Proverbs 30:1
The words of Agur the son of Jakeh, even the prophecy: the man spoke to Ithiel, even to Ithiel and Ucal,
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30:1-6 Agur speaks of himself as wanting a righteousness, and having done very foolishly. And it becomes us all to have low thoughts of ourselves. He speaks of himself as wanting revelation to guide him in the ways of truth and wisdom. The more enlightened people are, the more they lament their ignorance; the more they pray for clearer, still clearer discoveries of God, and his rich grace in Christ Jesus. In ver.See the introduction to Proverbs. According to the different reading, there noted, the inscription ends with: "the man spake," and the words that follow, are the beginning of the confession, "I have wearied myself after God and have fainted."

Spake - The Hebrew word is that commonly used of the utterance of a divine oracle.

The words of Agur the son of Jakeh,.... Here begins, according to Aben Ezra, the fourth part of this book; though, according to others, it is the fifth; See Gill on Proverbs 22:17; Who this Agur was is a matter of doubt; some of the Jewish writers, as Jarchi and Gersom, and likewise some Christian writers (f), take him to be Solomon himself, who calls himself Agur, which is said to signify "a gatherer"; and so the Vulgate Latin version renders it, "the words of the gatherer, the son of the vomiter"; just as he calls himself Koheleth, or "the caller", or "preacher", Ecclesiastes 1:1. The reason given of this name is, because he gathered wisdom and the law (g); or, as Jarchi, he gathered wisdom, and vomited it; that is, delivered it out to others; so he did, he sought after and attained to more wisdom than any before him, for he was wiser than all men; and it may be added, that he "gathered" silver and gold, and the treasure of kings, and increased in riches more than any before him, Ecclesiastes 1:13. But then all this does not agree with the person whose words these are; for he speaks of himself as being very ignorant, and as not having learned wisdom, Proverbs 30:2; and desires neither poverty nor riches, Proverbs 30:8; besides, the word "Agur" signifies not "a gatherer", but "gathered", as Hillerus (h) renders it; and so Cocceius, who thinks also that Solomon is meant, yet not for the above reasons, but translates the clause thus, "the words of the recollected son of the obedient"; as if it described Solomon the son of David, the obedient one, the man after God's own heart, when he was restored by repentance; but it seems better, with Aben Ezra, to understand this of some very good, knowing, and worthy man, who lived in those times, either before the times of Solomon, or in the same, whose pithy sayings and sentences he had a great regard for, and joined them to his own; or who lived in the times of Hezekiah, or before, whose proverbs were collected by his men, and added to those of Solomon's they had copied in the preceding chapters; see Proverbs 25:1;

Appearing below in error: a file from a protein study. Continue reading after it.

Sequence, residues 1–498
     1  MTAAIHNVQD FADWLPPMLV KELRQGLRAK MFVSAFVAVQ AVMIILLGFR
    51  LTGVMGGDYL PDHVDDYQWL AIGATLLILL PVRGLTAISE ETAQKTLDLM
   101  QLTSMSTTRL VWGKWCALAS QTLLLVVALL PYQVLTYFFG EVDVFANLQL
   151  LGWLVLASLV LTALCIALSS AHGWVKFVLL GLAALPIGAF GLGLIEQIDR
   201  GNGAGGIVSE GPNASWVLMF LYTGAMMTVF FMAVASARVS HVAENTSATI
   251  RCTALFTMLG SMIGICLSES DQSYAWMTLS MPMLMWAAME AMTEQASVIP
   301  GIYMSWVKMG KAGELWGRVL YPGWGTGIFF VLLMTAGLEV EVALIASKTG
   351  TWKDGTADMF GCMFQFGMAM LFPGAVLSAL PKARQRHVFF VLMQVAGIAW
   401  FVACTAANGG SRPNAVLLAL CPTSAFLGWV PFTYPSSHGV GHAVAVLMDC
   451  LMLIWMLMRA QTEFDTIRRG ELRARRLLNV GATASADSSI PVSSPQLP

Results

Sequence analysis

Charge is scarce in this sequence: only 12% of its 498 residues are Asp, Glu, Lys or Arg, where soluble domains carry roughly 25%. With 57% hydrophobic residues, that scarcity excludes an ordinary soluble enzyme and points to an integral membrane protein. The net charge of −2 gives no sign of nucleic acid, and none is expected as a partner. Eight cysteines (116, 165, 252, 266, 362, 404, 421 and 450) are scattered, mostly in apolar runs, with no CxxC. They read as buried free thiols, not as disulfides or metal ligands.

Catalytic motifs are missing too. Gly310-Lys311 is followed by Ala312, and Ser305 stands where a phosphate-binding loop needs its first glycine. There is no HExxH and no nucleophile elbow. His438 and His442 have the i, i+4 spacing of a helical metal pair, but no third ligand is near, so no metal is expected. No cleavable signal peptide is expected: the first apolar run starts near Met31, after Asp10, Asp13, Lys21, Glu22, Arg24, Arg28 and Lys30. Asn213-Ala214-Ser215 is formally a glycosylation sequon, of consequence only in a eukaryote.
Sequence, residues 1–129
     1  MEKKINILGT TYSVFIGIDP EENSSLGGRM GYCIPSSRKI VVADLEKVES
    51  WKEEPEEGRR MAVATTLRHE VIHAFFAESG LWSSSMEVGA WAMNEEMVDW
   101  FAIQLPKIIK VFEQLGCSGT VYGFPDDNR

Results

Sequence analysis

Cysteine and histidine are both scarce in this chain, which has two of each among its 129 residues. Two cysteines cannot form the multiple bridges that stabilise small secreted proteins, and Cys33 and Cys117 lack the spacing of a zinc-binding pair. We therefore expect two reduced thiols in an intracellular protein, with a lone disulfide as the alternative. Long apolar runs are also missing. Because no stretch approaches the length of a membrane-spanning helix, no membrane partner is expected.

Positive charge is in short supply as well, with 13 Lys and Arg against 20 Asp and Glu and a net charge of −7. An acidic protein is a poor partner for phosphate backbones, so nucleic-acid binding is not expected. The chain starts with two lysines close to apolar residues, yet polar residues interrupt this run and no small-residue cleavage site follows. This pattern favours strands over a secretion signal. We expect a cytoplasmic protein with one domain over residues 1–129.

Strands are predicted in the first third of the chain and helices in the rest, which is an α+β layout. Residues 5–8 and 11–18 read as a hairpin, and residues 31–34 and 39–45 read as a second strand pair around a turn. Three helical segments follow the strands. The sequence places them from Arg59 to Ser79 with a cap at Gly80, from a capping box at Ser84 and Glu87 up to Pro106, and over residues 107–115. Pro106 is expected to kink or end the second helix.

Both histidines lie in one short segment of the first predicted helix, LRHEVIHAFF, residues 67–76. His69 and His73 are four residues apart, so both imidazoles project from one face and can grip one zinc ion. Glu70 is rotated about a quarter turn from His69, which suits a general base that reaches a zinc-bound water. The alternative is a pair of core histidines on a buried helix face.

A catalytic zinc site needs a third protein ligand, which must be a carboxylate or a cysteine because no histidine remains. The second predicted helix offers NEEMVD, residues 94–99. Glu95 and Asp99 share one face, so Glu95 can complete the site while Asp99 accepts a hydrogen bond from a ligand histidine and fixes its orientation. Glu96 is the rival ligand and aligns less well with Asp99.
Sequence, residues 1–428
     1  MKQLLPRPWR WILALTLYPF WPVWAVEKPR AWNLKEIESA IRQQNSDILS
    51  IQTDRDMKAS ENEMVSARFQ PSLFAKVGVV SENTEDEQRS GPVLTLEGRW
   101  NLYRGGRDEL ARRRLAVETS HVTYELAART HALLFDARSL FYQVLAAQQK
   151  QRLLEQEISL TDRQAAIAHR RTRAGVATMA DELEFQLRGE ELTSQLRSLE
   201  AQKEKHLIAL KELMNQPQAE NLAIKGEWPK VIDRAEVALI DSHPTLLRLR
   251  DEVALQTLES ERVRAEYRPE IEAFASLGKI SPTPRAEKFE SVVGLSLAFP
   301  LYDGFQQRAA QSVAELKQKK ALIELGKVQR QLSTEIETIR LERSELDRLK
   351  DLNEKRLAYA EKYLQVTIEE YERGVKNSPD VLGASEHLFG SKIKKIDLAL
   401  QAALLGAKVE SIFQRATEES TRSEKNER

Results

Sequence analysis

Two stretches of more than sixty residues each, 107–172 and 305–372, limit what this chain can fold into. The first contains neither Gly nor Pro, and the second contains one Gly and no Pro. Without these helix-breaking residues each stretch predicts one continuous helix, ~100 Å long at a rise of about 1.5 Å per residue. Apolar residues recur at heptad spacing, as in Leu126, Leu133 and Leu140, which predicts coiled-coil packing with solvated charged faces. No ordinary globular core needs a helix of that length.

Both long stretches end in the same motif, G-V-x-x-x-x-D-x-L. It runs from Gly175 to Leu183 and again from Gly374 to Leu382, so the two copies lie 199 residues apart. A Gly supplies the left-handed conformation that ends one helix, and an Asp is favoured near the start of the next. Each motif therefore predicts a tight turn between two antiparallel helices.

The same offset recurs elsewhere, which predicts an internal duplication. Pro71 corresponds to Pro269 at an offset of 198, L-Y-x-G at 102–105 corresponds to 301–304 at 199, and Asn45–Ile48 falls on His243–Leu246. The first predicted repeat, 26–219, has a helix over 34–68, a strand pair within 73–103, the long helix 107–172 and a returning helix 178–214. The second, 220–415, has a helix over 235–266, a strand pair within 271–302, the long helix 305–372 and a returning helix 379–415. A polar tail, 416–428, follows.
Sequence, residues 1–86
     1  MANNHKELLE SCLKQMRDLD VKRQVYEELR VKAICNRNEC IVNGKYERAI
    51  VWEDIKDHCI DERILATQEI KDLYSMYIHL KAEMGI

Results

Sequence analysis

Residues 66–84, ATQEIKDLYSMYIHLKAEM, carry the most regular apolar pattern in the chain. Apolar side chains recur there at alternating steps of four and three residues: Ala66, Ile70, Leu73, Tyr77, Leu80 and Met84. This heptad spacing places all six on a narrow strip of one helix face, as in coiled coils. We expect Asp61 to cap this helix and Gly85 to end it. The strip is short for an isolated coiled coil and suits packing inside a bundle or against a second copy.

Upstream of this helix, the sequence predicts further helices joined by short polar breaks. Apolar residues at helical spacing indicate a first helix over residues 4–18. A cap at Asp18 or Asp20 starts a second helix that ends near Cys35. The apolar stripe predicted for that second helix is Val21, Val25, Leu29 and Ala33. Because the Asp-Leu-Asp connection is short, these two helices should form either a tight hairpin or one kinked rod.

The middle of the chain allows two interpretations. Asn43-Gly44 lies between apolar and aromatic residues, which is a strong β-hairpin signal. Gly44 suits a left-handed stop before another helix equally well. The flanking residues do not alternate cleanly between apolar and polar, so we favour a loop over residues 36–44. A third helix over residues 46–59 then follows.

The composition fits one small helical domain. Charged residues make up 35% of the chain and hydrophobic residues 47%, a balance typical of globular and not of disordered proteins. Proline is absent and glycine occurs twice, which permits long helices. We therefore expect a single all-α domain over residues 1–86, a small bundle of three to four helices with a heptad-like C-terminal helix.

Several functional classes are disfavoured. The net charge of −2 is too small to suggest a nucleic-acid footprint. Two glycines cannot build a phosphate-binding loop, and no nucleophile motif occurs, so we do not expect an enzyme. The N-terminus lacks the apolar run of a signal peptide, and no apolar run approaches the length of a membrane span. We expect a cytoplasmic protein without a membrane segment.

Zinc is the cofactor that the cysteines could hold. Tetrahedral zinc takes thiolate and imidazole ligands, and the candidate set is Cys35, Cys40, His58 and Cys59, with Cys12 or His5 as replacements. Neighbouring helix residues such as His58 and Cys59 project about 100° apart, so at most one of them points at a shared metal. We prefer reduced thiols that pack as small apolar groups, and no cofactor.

even the prophecy; or "burden" (i), as many of the prophecies are called; it designs something received from the Lord, taken up and carried to others; so Balaam is said to "take up his parable", Numbers 23:7. Here it does not design a prediction of future events, unless it can be thought that there is in the following words a prophecy of the Messiah; but an instruction, a declaration of things useful and profitable; so preaching in the New Testament is called prophesying often, 1 Corinthians 14:1. This is a part of the word of God, of the prophecy which came not by the will of man, but by the inspiration of God, 2 Peter 1:19; which prophecy

the man spake, this excellent good man Agur, who was divinely inspired; see Numbers 24:3;

unto Ithiel, even unto Ithiel and Ucal; who were either the children of Agur, whom he instructed in the knowledge of divine things; or they were, as Aben Ezra, either his companions with whom he conversed about sacred things, or his disciples who inquired of him about these things, and learned them of him. Some think (k) these are titles of God himself, to whom Agur directs his speech, and acknowledges his ignorance of the divine Being, whom he might justly call Ithiel and Ucal, that is, "God with me", and "the mighty One"; and certain it is that Agur does direct a prayer to God, Proverbs 30:7; And some read these words themselves as a prayer, "let God be with me, and one shall prevail" (l), that is, over all mine enemies; for, if God is on the side of his people, who shall be against them? or, "I shall be able" to do all things through the Lord's strength, Romans 8:31; But I rather think the words should be read, as Jarchi observes, "concerning Ithiel and Ucal" (m); that is, concerning the Messiah, to whom these names agree. Ithiel, or "God with me", is very similar to a phrase used by Christ himself in the days of his flesh, John 8:29. God was with him as the eternal Word, and his only begotten Son, from all eternity, which denotes his co-existence, nearness of union, equality of nature, and distinction of persons; he was with him as Mediator before the world began, in the council of peace, which was between them both; in the covenant of grace made with him, in which all things were agreed upon respecting the salvation of his people; he was with him in the beginning of time down to his incarnation; he was with him in the creation of all things, in the sustentation of them; in the works of providence, and in the government of the church; he was with him during his state of humiliation; in his infancy, to protect him from the malice of Herod; he was with him when disputing with the doctors in the temple, to direct him; he was with him at his baptism, transfiguration, and other times; he was with him throughout his public ministry, from the beginning to the end of it; he did good and healed all manner of diseases, and wrought amazing miracles, God being with him, John 3:2, Acts 10:38; and he was with him in his sufferings and at his death; and so he is with him in his exalted state; he raised him from the dead, set him at his own right hand, and ever attends to his prevalent intercession; and will be with him in raising the dead and judging the world. "Ucal", which has the signification of being able, strong, mighty, and powerful, agrees with Christ, who is the mighty God the most mighty, the Almighty; and which appears by the works he did before his incarnation, as the creation of all things out of nothing, the preservation of all things, and the several wonderful events in which he was; concerned, as the confusion of languages, the burning of Sodom and Gomorrah, the conducting the children of Israel through the wilderness, with others; also what he did when here on earth, the mighty works and miracles done by him, and especially the great work of man's redemption, and also the raising of himself from the dead: moreover, what he now does and will do for his people show him to be the mighty One; taking the care of all the churches and providing for them; supplying all the wants of his people, bearing all their burdens, supporting them under all their temptations, and delivering them out of them; strengthening them for his service, protecting them from their enemies, keeping them from falling, raising their dead bodies, and bringing all the sons of God to glory: or if the word should be rendered, as it may, "eaten" or "consumed" (n), it is true of Christ, whose zeal ate him up, Psalm 69:9; and who is the antitype of the sacrifice consumed by fire.